Indeed, it appears that this may have been the real research agenda here. But, we, of course, cannot prove that. What we can suggest is that there are so many problems with the research design, methods, analysis and conclusions that no one should take this study seriously. First of all, selection/sampling bias emerges at once in this study because of the variation in age of the subjects (there are huge developmental differences between a 5-year-old child and a 12-year-old child). There is also measurement bias arising from the process of using the kinds of indicators the researchers used to measure “altruism” and “meanness” and “religiosity” in young children from different cultures and religions. Religiosity was assessed by asking parents questions like, “How often do you experience the divine in your everyday life?” The response to questions like this stood as a proxy for religiosity in the child. There are also problems with procedural bias—the study required different researchers in different countries to collect data posing major threats to reliability and validity. There is also reporting bias in the ideological language the researchers used to report their findings. All of these sources of bias should certainly call for caution in interpreting the results of this fatally flawed study.
William Briggs, an adjunct professor of statistics at Cornell, provides an overview of the flawed design and statistical analysis of this study. He first criticizes the indicator used to quantify “altruism,” and then ridicules the “moral sensitivity test” that children completed, which suggests a serious “abuse of regression on the pseudo-quantified answers … this model has no real predictive value.” Briggs concludes that “nearly everything is wrong with it, start to finish,” and is especially dismissive of the “wild, over-reaching theorizing about cause.” Suggesting that “altruism was not measured, but kids sticking stickers in envelopes was,” and he asks: “How much influence did the researcher have, especially with the younger kids? Did kids stick stickers because they wanted to prove to the whitecoat that they were compliant or because they wanted to be liked or because they wanted to share? Altruism forsooth!”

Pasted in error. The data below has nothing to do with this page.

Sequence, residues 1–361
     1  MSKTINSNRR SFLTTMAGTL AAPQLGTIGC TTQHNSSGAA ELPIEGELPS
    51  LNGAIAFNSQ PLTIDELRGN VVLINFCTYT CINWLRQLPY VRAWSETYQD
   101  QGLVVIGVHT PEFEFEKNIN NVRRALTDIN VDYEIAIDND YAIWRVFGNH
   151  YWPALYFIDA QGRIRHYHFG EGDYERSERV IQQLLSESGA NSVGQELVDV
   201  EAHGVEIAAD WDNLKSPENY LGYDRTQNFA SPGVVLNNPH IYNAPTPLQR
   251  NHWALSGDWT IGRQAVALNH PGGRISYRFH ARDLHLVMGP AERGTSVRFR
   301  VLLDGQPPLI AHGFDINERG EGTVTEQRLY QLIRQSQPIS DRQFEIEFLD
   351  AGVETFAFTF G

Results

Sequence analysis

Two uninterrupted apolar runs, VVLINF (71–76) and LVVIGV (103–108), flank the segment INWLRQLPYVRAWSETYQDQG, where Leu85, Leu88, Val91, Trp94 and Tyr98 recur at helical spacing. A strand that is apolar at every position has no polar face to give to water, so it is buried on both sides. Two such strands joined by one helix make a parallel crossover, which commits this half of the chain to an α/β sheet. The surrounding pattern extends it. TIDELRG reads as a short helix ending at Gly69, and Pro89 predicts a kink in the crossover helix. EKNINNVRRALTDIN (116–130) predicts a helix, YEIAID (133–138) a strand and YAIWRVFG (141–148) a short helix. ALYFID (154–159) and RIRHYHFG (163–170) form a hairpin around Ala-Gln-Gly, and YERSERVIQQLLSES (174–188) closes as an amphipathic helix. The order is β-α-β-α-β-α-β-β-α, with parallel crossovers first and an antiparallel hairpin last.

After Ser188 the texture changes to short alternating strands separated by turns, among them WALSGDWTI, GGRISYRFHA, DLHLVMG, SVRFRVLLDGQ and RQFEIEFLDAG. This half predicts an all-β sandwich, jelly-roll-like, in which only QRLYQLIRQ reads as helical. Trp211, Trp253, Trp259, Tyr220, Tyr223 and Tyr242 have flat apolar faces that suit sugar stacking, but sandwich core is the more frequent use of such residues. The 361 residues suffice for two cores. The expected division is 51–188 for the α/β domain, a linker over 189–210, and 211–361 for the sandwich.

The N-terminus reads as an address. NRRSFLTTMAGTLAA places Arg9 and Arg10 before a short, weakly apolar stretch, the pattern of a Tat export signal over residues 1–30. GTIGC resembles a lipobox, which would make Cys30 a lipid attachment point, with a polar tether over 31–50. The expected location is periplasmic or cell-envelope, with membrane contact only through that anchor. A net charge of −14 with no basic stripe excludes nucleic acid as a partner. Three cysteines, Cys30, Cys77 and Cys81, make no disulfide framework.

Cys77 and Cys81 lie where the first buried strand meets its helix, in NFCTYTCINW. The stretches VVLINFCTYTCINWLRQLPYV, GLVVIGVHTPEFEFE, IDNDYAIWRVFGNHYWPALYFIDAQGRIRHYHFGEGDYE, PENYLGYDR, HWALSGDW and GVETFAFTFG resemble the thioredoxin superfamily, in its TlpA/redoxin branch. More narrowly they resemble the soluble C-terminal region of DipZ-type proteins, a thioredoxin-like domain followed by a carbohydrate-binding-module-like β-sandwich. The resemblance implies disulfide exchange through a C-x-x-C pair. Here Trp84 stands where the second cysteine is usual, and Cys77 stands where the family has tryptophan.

This is not to suggest that the researchers made up the data. It is clear that they conducted the experiment and analyzed the data they collected. The problem is the problem that haunts all social science researchers—garbage in, garbage out. The sad part is that a lot of time and effort was wasted on a study that is of little value. A Weekly Standard article published last month called “Making it All Up,” helps put this useless study into context by pointing out that ten years ago a Stanford researcher named John Ioannidis published a paper called “Why Most Published Research Findings are False.”
Indeed, an article published in the August issue of Science revealed that in an analysis of 100 studies from some of the most prestigious journals in social psychology found that nearly two-thirds of the experiments described “did not replicate.” This means that when scientists attempted to repeat these studies—using the same techniques, the same conditions, and analysis—they could not obtain the results described by the original researchers. The authors of the Science study concluded that, “This project provides accumulating evidence for many findings in psychological research and suggests that there is still more work to do to verify whether we know what we think we know.”
That is certainly an understatement. We need to begin to question these bogus studies that are done for ideological reasons. While there is nothing that can be learned from the study describing “mean religious children,” we can begin to look more critically at the ways in which we continue to believe the kind of junk science Current Biology is presenting.